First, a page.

politics

Tony Blair says Keir Starmer is 'capable of governing' the UK and swipes at 'far left'


The triple election winner issued a vote of confidence in the current party chief – and called on him to go further in ousting hardline figures

Tony Blair gave an upbeat assessment of Keir Starmer’s performance

Tony Blair today offers a ringing endorsement of Keir Starmer’s chances of reaching No10.

The former Prime Minister said the current Labour leader was “capable of governing and confidence is returning”.

In his most upbeat intervention on the party’s internal politics in more than a decade, the last Labour premier to win a general election says that while preparing the ground to make the party electable is “difficult”, it is not “impossible”.

Writing the foreword to the latest report from the Tony Blair Institute think tank, the ex-PM lays out four things Mr Starmer must do to boost the party’s image with voters.

They include “continuing to push the far left back to the margins”, as members and MPs loyal to predecessor Jeremy Corbyn are sidelined.







Jeremy Corbyn led Labour to its worst defeat for more than eight decades
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Image:

Leon Neal)

Mr Blair says: “The country must know there is no question of negotiating the terms of power with them.”

Urging his successor to embrace the technology revolution, he warns that Labour “needs a new future-oriented policy agenda based on an understanding of how the world is changing which rejects both the old fashioned statist view of the left and the status quo politics of the right”.

He calls on Mr Starmer to avoid the damaging culture wars, as battles rage over issues like transgender rights.

The ex-Premier urges Labour to “embrace liberal, tolerant but commonsensical positions on the ‘culture’ issues, and emphatically reject the ‘wokeism’ of a small though vocal minority”.







Tony Blair’s intervention came in a foreword to a report from his think tank
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Image:

AFP via Getty Images)

Mr Blair also calls for the leadership to “go out and seek the best and brightest from the younger generation to come and stand as Labour candidates. And make a virtue of doing so”.

Opening the report, ‘From Red Walls to Red Bridges: Rebuilding Labour’s Voter Coalition’, the ballot box triple victor writes: “All of this is difficult. But none of it is impossible.”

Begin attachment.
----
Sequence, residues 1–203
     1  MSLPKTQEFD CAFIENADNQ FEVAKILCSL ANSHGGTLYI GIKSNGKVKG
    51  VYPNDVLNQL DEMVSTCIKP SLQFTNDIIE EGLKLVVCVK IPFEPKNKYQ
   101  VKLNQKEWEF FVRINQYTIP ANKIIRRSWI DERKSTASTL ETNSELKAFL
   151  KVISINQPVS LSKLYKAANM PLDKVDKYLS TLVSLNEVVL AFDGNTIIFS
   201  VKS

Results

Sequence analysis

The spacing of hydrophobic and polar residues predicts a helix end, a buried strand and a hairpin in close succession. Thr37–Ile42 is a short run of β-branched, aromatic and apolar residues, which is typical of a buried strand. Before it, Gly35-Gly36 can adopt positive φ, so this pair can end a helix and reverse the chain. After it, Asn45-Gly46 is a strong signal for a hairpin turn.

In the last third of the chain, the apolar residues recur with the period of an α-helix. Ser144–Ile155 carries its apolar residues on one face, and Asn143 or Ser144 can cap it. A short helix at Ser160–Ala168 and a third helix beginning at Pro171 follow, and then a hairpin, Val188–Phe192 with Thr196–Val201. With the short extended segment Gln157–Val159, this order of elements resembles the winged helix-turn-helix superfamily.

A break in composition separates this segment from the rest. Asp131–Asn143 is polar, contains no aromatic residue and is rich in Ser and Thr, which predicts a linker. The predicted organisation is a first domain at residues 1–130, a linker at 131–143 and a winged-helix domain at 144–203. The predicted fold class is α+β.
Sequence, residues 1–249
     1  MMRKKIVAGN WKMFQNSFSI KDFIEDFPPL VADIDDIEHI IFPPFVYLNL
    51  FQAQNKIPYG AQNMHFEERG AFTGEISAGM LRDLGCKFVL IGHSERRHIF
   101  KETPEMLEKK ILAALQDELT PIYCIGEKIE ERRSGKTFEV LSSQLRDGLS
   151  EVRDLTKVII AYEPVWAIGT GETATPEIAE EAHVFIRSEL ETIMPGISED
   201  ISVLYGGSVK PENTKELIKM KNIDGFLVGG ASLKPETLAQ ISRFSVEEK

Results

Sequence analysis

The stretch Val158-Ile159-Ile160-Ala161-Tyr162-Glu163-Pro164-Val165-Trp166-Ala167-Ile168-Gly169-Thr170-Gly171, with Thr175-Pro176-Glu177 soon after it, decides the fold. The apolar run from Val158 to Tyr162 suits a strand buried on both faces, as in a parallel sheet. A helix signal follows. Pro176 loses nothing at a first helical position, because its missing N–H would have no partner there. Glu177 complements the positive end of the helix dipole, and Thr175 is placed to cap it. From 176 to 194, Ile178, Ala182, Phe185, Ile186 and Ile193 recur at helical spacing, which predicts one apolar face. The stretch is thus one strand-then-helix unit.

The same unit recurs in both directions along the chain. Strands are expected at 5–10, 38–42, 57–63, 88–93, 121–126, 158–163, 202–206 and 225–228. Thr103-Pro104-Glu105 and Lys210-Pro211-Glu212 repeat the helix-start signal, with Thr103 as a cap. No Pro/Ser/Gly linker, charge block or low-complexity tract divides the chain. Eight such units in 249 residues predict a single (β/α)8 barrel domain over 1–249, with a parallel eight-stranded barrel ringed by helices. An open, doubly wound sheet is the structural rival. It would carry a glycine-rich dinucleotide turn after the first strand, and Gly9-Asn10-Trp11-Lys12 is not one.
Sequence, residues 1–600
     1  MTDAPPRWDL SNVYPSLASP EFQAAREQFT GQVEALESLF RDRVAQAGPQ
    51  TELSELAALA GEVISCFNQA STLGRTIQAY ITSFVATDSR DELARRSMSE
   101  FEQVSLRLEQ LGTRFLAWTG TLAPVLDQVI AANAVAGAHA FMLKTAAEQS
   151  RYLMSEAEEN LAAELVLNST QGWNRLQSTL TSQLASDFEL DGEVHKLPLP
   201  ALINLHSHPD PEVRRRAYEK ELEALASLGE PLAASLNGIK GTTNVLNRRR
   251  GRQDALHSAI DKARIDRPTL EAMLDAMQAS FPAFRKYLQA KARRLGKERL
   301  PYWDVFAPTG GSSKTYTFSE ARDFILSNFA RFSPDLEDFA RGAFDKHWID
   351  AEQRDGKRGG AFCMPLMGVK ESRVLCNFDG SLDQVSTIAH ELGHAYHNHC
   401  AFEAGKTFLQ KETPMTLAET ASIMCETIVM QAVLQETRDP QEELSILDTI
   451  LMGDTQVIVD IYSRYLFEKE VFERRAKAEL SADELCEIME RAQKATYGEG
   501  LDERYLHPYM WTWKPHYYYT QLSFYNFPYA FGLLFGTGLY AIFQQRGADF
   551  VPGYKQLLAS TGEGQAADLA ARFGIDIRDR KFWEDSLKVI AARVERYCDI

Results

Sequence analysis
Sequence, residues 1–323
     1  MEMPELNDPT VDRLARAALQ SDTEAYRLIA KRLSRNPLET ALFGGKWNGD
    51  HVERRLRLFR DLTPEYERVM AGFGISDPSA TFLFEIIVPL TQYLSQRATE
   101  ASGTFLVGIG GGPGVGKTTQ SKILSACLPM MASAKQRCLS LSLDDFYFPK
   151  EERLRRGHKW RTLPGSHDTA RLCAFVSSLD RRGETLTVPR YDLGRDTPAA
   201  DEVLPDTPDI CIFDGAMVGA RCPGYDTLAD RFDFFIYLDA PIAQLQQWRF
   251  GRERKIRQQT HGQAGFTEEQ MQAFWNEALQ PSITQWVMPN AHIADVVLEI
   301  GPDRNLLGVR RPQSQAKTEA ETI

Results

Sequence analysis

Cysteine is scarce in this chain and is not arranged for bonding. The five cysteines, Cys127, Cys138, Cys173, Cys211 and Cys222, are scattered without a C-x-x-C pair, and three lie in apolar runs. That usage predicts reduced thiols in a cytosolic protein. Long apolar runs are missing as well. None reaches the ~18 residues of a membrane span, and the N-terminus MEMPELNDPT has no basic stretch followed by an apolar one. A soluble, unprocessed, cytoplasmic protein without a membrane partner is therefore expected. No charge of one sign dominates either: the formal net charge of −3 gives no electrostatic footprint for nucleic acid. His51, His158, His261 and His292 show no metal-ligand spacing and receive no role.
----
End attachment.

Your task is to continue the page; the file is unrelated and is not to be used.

Pointing to the successes of New Labour, which claimed landslide victories in 1997 and 2001, and won a third time in 2005, he says: “Labour could do it again.

“Its leadership today is capable of governing and confidence is returning.







The ex-PM tipped Labour’s leadership to boost the party’s image among voters
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Image:

Ian Vogler / Daily Mirror)

“The corner is turned. But the road ahead is long and the vehicle requires an engine which can accelerate at speed.

“We just require the determination to do it.”

The study includes the results of surveys by Deltapoll, which questioned more than 2,500 former Labour voters and more than 3,000 individuals who remained loyal to Labour.

It found the party’s traditional voting base had crumbled in the run-up to the 2019 election disaster – its worst defeat for 84 years.

“On the face of it, Labour’s problem seems almost impossible to solve,” writes pollster Peter Kellner.







Veteran pollster Peter Kellner
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Image:

Getty)

“The old coalition, between manual workers and metropolitan liberals, appears to have disintegrated.

“There does not seem to be a way to appeal to one without further alienating the other.

“Yet our research suggests a more optimistic conclusion.”

He warns that to secure a majority at the next general election, Labour needs to gain more than 120 seats.







Boris Johnson celebrated winning the 2019 election as the Tories seized Labour strongholds
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Image:

Andrew Parsons / Parsons Media)

“This will require a 12% lead in the popular vote – and a swing to Labour greater than in 1997,” he writes.

But he adds: “The common ground in Britain today is broader than is often depicted.

“Labour’s challenge is to reconnect this ground and these voters.”

The findings will boost Mr Starmer’s attempts to rebrand the party and move on from four-and-a-half years of Mr Corbyn’s leadership.





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